- Greensill is facing bankruptcy as questions mount over its accounting methods.
- Were the firm to go bankrupt, shockwaves would be sent through the sector and clients would be affected worldwide.
- On Monday, Credit Suisse suspended $10 billion in funds after finding that $4.6 billion in insurance underpinning Greensill contracts had expired.
Troubled UK finance firm Greensill is reportedly on the brink of bankruptcy — a development which would send shockwaves through the sector, ensnaring clients and risking up to 50 000 jobs worldwide.
Greensill specialises in short-term supply chain financing to provide capital for businesses around the world, but now faces mounting questions over its opaque and complex accounting methods.
The London-headquartered finance firm, founded in 2011 by Australian Lex Greensill with activities spanning Australia and the United States, is preparing to file for insolvency according to the Financial Times and Bloomberg News.
However, an industry source told AFP that private equity firm Apollo Global Management Fund and partner Athene were nearing a rescue deal that could provide $100 million in new financing.
The company was plunged into fresh crisis on Monday when lender Credit Suisse suspended $10 billion in funds after discovering that $4.6 billion of insurance underpinning Greensill contracts had expired.
Credit Suisse blamed “considerable uncertainties” over valuation of assets — and on Friday it began winding down some funds to redistribute cash to investors.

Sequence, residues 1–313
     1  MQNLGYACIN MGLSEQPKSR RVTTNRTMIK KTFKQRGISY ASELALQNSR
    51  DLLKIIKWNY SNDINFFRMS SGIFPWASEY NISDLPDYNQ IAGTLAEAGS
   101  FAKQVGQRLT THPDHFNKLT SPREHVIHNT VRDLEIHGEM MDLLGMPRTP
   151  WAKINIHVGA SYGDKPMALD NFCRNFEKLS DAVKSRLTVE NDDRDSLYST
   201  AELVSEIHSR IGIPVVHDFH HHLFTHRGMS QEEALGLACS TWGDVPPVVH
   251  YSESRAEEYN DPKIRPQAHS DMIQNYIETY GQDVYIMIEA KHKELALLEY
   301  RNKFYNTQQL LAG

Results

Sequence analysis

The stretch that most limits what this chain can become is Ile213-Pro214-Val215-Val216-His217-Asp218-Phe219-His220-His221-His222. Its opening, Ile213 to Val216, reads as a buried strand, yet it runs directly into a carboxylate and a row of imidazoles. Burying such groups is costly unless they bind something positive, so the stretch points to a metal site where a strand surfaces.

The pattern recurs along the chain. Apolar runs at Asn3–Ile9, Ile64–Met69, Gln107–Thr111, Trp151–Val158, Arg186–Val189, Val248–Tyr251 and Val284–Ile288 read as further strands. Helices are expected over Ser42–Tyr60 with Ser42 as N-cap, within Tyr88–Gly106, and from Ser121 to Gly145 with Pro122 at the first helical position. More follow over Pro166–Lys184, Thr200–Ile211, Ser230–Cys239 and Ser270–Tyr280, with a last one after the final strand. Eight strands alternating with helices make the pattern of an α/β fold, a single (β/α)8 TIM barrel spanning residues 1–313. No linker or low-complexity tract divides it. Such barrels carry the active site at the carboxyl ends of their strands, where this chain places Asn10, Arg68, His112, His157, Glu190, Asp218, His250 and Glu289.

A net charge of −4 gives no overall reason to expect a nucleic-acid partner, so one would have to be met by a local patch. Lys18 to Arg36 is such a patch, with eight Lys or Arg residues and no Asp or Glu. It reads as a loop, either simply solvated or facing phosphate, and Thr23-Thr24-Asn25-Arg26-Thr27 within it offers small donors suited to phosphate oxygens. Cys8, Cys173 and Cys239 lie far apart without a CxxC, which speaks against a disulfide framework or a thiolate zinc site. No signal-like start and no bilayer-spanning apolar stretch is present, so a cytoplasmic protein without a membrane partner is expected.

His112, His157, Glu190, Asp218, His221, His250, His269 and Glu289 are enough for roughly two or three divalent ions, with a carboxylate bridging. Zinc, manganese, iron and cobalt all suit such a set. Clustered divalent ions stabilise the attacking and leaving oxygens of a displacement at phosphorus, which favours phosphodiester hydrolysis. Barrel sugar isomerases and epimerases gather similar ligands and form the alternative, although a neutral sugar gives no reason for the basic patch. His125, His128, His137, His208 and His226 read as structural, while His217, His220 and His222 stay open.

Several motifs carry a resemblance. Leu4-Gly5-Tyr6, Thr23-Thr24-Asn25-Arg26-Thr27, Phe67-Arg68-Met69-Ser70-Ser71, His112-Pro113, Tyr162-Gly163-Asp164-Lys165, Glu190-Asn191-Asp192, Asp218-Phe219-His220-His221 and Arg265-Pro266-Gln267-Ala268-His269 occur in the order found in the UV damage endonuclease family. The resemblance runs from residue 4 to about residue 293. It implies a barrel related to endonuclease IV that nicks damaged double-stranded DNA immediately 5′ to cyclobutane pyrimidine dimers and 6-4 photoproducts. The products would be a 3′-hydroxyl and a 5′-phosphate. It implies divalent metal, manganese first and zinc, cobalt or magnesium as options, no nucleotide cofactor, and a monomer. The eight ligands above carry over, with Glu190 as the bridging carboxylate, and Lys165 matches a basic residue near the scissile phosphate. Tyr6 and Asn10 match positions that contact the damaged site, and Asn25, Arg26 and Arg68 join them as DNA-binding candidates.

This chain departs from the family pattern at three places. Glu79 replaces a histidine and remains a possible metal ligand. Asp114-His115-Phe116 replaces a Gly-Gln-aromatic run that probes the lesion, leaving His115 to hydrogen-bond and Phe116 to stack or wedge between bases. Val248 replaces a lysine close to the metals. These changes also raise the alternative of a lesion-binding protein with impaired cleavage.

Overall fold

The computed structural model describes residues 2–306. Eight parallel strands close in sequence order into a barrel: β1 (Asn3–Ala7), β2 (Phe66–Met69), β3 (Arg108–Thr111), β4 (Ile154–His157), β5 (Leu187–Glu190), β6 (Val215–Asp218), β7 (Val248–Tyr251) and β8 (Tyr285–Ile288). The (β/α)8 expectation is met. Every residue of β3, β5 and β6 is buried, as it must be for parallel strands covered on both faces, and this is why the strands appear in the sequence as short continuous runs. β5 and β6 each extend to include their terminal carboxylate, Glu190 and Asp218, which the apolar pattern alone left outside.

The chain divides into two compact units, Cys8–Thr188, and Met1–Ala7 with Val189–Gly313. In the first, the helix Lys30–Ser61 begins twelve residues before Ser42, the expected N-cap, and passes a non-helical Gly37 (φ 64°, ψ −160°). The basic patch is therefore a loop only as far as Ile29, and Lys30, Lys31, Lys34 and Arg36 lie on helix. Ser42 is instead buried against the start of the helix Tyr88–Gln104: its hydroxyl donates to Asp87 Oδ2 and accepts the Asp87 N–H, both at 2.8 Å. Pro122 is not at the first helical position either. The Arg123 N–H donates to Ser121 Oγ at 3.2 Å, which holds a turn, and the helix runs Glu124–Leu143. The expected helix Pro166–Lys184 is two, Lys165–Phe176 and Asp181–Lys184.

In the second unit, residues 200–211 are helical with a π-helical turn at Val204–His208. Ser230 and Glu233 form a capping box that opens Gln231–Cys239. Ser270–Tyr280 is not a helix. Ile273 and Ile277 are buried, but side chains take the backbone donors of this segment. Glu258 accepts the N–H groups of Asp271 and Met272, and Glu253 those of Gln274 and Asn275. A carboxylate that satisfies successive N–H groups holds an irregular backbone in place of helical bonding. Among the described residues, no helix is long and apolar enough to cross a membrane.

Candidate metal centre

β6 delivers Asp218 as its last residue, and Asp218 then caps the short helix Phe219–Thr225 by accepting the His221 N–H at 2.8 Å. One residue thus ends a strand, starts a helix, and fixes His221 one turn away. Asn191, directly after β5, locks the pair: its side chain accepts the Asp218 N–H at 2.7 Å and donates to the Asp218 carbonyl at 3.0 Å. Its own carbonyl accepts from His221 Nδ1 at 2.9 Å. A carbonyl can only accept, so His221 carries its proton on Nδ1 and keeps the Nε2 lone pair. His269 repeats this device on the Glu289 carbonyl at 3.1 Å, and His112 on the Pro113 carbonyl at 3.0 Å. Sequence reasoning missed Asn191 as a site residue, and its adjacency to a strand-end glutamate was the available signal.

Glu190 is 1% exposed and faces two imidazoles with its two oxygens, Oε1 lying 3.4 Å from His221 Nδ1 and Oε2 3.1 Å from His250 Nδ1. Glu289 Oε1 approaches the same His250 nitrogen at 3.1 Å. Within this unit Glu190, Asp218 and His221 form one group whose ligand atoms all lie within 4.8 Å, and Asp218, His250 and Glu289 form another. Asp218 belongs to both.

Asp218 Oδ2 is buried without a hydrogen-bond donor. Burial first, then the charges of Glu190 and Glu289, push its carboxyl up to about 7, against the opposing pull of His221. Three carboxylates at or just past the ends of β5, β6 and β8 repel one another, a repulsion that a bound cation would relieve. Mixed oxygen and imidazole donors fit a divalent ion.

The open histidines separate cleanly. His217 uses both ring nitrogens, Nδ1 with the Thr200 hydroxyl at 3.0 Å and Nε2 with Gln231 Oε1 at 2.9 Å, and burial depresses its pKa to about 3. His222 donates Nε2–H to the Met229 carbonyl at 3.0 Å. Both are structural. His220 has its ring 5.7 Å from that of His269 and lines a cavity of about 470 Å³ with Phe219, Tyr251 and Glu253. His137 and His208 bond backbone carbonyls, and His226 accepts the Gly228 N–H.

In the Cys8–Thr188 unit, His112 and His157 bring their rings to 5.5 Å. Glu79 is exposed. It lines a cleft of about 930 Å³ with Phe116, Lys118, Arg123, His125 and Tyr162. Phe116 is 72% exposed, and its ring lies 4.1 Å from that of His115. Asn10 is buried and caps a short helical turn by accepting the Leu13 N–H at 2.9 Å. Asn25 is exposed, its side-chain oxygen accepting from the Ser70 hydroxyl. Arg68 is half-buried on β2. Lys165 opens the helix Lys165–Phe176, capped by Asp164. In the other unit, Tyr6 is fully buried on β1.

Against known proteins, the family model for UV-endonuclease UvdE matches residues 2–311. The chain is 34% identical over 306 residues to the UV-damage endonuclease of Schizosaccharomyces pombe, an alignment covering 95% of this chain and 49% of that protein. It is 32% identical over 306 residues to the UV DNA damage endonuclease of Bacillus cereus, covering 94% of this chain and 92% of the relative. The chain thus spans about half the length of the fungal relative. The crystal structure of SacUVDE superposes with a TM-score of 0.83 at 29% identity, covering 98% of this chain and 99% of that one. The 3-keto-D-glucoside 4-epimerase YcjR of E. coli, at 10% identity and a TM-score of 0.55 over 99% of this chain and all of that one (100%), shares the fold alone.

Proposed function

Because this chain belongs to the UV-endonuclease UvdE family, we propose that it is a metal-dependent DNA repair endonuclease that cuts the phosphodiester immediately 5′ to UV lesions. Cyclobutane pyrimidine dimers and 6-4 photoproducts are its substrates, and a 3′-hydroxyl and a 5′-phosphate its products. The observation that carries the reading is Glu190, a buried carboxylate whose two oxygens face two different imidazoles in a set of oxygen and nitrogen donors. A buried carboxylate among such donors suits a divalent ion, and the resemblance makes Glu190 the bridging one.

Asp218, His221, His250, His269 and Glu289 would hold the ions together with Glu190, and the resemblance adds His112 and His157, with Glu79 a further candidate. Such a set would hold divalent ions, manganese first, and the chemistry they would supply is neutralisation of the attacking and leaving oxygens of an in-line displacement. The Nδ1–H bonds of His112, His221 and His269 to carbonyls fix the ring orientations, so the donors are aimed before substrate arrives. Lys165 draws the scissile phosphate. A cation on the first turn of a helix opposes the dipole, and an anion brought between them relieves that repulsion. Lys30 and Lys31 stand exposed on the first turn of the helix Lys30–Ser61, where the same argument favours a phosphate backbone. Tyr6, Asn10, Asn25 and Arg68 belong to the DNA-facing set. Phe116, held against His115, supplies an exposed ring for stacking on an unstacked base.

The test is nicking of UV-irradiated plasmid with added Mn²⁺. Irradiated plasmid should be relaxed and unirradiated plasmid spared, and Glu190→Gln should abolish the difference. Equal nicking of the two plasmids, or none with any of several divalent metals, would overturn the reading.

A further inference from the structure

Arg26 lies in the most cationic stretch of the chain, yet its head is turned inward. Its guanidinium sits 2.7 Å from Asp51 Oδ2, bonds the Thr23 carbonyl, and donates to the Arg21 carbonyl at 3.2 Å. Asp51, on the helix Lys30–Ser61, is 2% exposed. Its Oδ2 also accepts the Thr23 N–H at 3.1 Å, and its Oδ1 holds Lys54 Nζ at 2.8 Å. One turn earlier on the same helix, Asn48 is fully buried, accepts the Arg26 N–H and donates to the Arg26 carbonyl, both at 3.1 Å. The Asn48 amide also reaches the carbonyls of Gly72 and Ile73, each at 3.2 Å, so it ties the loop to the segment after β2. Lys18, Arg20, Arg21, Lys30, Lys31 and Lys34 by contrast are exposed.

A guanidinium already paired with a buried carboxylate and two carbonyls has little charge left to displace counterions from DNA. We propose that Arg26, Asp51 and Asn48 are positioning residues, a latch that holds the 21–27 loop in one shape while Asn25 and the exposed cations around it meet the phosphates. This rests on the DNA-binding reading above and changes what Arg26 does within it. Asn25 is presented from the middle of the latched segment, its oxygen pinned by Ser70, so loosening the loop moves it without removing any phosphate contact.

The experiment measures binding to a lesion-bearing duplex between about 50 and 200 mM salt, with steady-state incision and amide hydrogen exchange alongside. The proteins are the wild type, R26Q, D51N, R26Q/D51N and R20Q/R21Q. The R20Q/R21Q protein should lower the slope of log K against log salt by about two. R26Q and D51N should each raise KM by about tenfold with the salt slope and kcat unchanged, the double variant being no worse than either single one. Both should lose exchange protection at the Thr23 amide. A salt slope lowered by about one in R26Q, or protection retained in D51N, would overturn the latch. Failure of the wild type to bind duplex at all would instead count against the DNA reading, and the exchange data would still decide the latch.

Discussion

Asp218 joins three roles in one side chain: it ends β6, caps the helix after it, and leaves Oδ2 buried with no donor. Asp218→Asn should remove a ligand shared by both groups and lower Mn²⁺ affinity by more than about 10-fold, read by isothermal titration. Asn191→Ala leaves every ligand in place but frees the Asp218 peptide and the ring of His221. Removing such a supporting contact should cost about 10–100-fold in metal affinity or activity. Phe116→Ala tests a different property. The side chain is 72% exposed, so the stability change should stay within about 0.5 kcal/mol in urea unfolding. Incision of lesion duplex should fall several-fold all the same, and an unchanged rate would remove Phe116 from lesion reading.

Swiss asset manager GAM meanwhile severed its ties with Greensill.
In another heavy blow, on Wednesday Germany’s financial watchdog froze the operations of Greensill’s German banking subsidiary, citing an “imminent risk” of over-indebtedness.
The public prosecutor’s office in Bremen told AFP that it has begun a preliminary probe.
German media reported that regulator Bafin has filed a criminal complaint against Greensill Bank over allegations it falsified balance sheets.
Bafin on Wednesday froze payments in and out of Greensill Bank, essentially closing it down.
It also expressed concern about accounting irregularities, including dealings with the GFG Alliance Group headed by Indian-British billionaire Sanjeev Gupta.
“During a special forensic audit, Bafin found that Greensill Bank AG was unable to provide evidence of the existence of receivables in its balance sheet that it had purchased from the GFG Alliance Group,” Bafin said.
A collapse of Greensill Bank would also have big consequences for the investments of local authorities.
For example, the German town of Monheim am Rhein could potentially lose 38 million euros or 1,000 euros per inhabitant.
The bank — whose total assets amounted to 4.5 billion euros at the end of 2020 — describes itself as a refinancing institution for its parent group.
The worsening Greensill crisis dates back to March 1 when Australia’s New South Wales’ Supreme Court dismissed its claim against insurer Tokio Marine, which had withdrawn cover for the $4.6 billion of loans issued to Greensill’s customers.
Greensill’s lawyer, in a filing, had warned of “catastrophic” consequences if the cover was not renewed.
The group would be unable to provide funding to clients who are “likely” to become insolvent.
As a result, more than 50,000 jobs, including over 7,000 in Australia, may be at risk across both the group and its customer base, the lawyer warned.
Both Greensill and Tokio Marine have not responded to requests for comment from AFP.